Is sesquipedalian “a foot and a half long” a sound imitative word? It would be hard to imagine a sound combination attempting to reproduce length. Perhaps our correspondent wonders whether it is a sound symbolic word, that is, a word whose form suggests its meaning. Here the answer is probably yes. The term was invented by Horace in Ars Poetica (sesquipedalia verba: verba “words”), and he must have enjoyed an inordinately long word denoting great length. Other than that, sesqui– is a regular Latin prefix meaning “one and a half.”
Inflammable versus flammable. This is an often asked question. In– (variants: il-, im-, ir-) is not only a negative prefix, as, for example, in the adjectives inflexible, illegal, irresolute, and immaculate. Its other function can be seen in dozens of bookish words like inbred and invoice, sometimes also with the phonetic variants il-, im-, and ir- (compare illuminate, implant, irrigate). The second in- has the same meaning as the preposition and adverb in, and it occurs in inflame inflammation, and inflammable. French en– is an etymological doublet of in-: compare inquire and enquirer. Flammable, a 19th-century technical term, was derived from the root of flame (Latin flamma) directly, without any prefix. Thus, by an accident of word formation, flammable and inflammable met in English and, instead of becoming antonyms, coexist as synonyms.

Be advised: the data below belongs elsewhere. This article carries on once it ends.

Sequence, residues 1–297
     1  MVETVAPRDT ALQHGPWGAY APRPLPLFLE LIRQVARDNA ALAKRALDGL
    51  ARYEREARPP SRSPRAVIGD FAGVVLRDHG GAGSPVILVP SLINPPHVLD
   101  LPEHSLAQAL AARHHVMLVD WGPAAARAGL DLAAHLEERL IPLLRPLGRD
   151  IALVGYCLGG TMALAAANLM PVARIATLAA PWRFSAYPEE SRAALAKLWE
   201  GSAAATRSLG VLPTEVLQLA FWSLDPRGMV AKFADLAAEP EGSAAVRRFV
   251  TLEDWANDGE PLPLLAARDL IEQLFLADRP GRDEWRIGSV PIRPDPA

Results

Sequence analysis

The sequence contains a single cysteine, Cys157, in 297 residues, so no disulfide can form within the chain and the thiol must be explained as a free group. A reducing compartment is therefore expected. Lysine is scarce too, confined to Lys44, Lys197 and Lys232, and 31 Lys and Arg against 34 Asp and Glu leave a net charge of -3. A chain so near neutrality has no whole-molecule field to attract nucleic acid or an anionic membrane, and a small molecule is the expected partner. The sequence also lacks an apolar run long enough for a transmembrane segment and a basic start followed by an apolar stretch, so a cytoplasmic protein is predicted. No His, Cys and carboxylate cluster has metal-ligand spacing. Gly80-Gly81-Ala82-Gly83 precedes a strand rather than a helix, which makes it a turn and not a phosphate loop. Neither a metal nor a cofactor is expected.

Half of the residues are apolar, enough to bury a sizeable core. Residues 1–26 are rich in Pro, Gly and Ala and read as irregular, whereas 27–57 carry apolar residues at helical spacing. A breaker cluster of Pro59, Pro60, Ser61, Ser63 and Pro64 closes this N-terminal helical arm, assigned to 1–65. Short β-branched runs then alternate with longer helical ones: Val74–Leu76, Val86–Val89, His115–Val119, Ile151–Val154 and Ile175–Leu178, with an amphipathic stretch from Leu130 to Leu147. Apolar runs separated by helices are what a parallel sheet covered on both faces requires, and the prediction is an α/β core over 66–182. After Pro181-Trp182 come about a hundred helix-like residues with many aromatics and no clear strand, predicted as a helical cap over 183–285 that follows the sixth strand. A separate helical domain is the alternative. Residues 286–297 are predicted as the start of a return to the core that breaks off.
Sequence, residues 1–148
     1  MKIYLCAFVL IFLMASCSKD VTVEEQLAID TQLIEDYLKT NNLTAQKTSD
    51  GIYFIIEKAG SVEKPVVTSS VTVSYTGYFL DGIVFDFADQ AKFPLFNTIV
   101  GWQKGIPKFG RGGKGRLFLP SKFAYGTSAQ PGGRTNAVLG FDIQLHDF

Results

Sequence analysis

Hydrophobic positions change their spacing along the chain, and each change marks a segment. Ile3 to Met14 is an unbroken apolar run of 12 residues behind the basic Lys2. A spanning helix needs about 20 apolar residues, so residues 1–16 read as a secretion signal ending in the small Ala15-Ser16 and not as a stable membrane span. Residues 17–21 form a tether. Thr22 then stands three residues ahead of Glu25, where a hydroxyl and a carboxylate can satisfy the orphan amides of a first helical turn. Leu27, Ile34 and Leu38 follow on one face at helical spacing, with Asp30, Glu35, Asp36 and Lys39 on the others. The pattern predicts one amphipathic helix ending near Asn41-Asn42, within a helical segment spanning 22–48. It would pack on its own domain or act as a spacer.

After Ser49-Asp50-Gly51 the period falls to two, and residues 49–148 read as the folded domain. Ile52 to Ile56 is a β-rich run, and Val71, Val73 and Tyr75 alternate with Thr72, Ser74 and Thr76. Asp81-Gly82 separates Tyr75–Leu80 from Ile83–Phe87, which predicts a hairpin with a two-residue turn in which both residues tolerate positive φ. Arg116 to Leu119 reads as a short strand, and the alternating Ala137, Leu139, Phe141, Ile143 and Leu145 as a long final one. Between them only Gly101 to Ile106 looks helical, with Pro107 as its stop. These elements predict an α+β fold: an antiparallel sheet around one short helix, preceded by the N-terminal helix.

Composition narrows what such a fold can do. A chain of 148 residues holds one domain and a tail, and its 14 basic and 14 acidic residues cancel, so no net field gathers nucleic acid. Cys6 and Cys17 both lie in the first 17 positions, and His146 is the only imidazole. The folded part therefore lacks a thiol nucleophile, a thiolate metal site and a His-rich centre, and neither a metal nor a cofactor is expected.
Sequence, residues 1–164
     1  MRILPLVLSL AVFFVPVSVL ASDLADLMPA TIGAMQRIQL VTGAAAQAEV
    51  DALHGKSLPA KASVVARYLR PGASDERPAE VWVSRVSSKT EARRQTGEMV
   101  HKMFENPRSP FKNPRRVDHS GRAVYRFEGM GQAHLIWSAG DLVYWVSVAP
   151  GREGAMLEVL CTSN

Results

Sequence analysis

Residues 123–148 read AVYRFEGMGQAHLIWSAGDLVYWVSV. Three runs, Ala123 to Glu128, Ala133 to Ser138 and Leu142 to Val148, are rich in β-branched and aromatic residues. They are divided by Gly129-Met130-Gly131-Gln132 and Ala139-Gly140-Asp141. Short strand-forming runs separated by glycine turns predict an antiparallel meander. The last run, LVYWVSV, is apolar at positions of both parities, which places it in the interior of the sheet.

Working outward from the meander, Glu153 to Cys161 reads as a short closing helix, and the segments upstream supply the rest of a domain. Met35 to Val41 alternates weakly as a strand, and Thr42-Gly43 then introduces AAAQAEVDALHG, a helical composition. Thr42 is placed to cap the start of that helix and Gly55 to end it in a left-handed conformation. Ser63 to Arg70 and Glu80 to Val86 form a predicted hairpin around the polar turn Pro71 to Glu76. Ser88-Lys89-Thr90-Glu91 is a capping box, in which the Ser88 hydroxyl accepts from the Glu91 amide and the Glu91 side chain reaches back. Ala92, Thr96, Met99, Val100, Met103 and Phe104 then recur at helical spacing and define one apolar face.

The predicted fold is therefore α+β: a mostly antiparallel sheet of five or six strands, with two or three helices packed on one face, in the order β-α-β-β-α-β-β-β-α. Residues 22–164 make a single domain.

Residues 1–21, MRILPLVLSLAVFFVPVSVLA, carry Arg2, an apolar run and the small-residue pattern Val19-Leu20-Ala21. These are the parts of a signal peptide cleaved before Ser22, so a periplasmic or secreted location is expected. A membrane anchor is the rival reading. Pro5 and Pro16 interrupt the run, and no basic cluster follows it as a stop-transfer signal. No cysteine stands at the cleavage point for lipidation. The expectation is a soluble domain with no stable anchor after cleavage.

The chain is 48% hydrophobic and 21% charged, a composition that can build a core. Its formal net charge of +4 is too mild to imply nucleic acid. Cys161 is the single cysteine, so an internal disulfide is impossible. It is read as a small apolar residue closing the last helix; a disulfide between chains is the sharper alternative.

Warsh from wash. I would like to add two notes to my recent discussion of words like feller “fellow” and the weakening of r. 1. A very common form with false final –r is tater “potato.” 2. I said that the “rhotacism” of t (from weakened d), well-known in German and Frisian dialects, is rare in English and cited porridge from pottage. However, the confusion of d with r must have occurred with some regularity, for paddock “enclosure” is, most probably, a by-form of parrock (now chiefly dialectal), whose r is old. Those who say warsh also say Warshington, as many people, including our correspondent, have noted.
Kybosh. Stephen Goranson informed me that kybosh (given in quotes and capitalized) had been recorded in 1832, two years before Dickens. The spelling shows how recent the word was. I keep thinking that if we ever discover the origin of kybosh, an explanation will be found in the speech of architects and/or sculptors. Why capitalized? A proper name? Compare the questions usually asked about the etymology of wayzgoose. Read more about geese below.
W in answer. Last month I touched on the history of the letter w in answer. Not long ago, while leafing through Notes and Queries (my favorite occupation for years), I ran into the following: “I remember a venerable and esteemed professor in an ancient university who used to excite the admiration of the students by pronouncing answer as if the last syllable were like the word swerve. He was asked the reason, and, like a true Scotchman, replied by a question: ‘What is Latin for a goose?’” This was written in 1893, when any university student knew that the Latin for “goose” is anser. Engl. anserine “like or pertaining to a goose” exists, but I am afraid that the esteemed professor was a tiny bit gaga.
Anatoly Liberman is the author of Word Origins…And How We Know Them as well as An Analytic Dictionary of English Etymology: An Introduction. His column on word origins, The Oxford Etymologist, appears here, each Wednesday. Send your etymology question to email@example.com; he’ll do his best to avoid responding with “origin unknown.”